Hello to Old Friends, Goodbye to New Friends

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We coastal hopped down from the island of Menorca to Mallorca, spending a rolling night in an exposed anchorage, then landing in Palma Bay.  We were so excited to see our friends aboard Safari, a family we had met in the San Blas Islands.  The Safari crew are only one of a handful of “kid boats” we had over our two year voyage.  Craig, Nix, Storm and Teak now split their time between St. Maarten, where their boat is kept, their house in France and Palma de Mallorca, where Craig is a co-captain of a 150-foot racing yacht.

We hung out with Safari and it was great to see them again.  We even got a tour on the amazing yacht that Craig captains. It was summertime in Palma de Mallorca and the outdoor cafes were crowded and serving pitches of sangria and plates of pimientos de padron.  We learned that friends are an essential part of what makes cruising fun.  You start off with a lot in common, and that strong foundation for a friendship allows you to immediately jump into shared experiences.  You form tight bonds fast.  Kids begin to play with each other immediately, knowing they have limited time to play, even when they don’t speak the same language.  Time can go quickly when you are hanging out with friends.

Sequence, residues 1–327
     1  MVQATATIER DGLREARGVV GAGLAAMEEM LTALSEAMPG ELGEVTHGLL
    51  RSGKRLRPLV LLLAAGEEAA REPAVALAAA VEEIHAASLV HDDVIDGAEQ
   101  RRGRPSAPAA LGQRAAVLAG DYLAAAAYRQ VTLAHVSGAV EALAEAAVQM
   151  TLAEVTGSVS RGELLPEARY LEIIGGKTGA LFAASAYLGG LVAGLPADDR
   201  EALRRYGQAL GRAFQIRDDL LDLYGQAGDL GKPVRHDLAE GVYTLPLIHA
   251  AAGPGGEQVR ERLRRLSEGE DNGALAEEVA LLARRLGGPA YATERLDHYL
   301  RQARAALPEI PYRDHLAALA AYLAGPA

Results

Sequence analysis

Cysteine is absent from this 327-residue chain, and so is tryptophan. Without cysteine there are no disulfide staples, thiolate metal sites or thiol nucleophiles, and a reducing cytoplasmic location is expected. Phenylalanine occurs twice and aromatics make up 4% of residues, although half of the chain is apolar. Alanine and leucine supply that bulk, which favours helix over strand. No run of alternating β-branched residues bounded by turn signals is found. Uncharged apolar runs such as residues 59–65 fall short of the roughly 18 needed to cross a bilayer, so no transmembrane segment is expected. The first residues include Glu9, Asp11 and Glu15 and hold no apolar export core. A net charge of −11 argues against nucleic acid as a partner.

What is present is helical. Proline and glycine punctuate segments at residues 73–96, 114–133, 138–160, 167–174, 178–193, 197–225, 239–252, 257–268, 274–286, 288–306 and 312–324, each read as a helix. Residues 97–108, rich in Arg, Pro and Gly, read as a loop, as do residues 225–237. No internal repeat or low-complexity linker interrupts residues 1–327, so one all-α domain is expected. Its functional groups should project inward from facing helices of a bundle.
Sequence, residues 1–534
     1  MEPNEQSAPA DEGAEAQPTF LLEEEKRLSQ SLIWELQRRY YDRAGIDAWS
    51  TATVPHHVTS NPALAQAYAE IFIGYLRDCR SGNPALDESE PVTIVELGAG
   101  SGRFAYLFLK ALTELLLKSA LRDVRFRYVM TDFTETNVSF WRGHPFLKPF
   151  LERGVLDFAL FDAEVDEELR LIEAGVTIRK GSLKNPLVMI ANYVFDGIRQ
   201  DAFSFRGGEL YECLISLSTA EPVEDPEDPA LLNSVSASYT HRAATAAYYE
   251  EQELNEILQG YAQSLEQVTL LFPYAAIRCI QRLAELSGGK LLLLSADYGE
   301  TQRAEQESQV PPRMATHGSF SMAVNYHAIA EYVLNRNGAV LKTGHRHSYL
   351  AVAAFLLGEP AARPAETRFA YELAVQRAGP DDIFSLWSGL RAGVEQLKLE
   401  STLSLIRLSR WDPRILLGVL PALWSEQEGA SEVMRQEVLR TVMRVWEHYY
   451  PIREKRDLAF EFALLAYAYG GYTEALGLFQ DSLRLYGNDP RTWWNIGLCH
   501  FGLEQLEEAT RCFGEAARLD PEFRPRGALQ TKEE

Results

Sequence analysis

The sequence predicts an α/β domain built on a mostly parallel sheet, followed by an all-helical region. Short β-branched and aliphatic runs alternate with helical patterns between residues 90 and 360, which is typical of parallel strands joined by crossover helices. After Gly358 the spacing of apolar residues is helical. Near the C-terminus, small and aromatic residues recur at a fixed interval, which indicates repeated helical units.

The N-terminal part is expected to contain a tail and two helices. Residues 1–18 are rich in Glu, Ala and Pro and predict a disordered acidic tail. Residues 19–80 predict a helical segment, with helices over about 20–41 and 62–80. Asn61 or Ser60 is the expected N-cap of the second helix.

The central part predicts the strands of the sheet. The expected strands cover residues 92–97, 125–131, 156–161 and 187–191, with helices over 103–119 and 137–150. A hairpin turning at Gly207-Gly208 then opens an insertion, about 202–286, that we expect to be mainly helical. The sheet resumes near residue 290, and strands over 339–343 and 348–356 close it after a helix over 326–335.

After hanging out with Safari, we moved over to another nearby anchorage and spent more time with our new “kid boat” friends on End Game again.  We spent several more evenings together, including a night ashore with guitar, ukulele and fireworks.  We also had roasted marshmallows thanks to Dante and his buddy Quinn, who had made small “survivalist” stoves out of Illy coffee cans (see the book, “Anti Pirate Potato Cannon” to make your own.)  We then had to say a sad goodbye to our new friends on End Game, as they left for Barcelona and it was time for me and Dante to get on a plane back to the United States.

Our flight would take us from Palma to Oslo, Norway where we would have a 14 hour layover.  Landlubbers might scoff at this time wasted, but we knew that, even with a 14 hour layover, we’d be back across the Atlantic in about a fraction of the time it took us to cross by boat! The hardest part would be saying goodbye to Darold.

 

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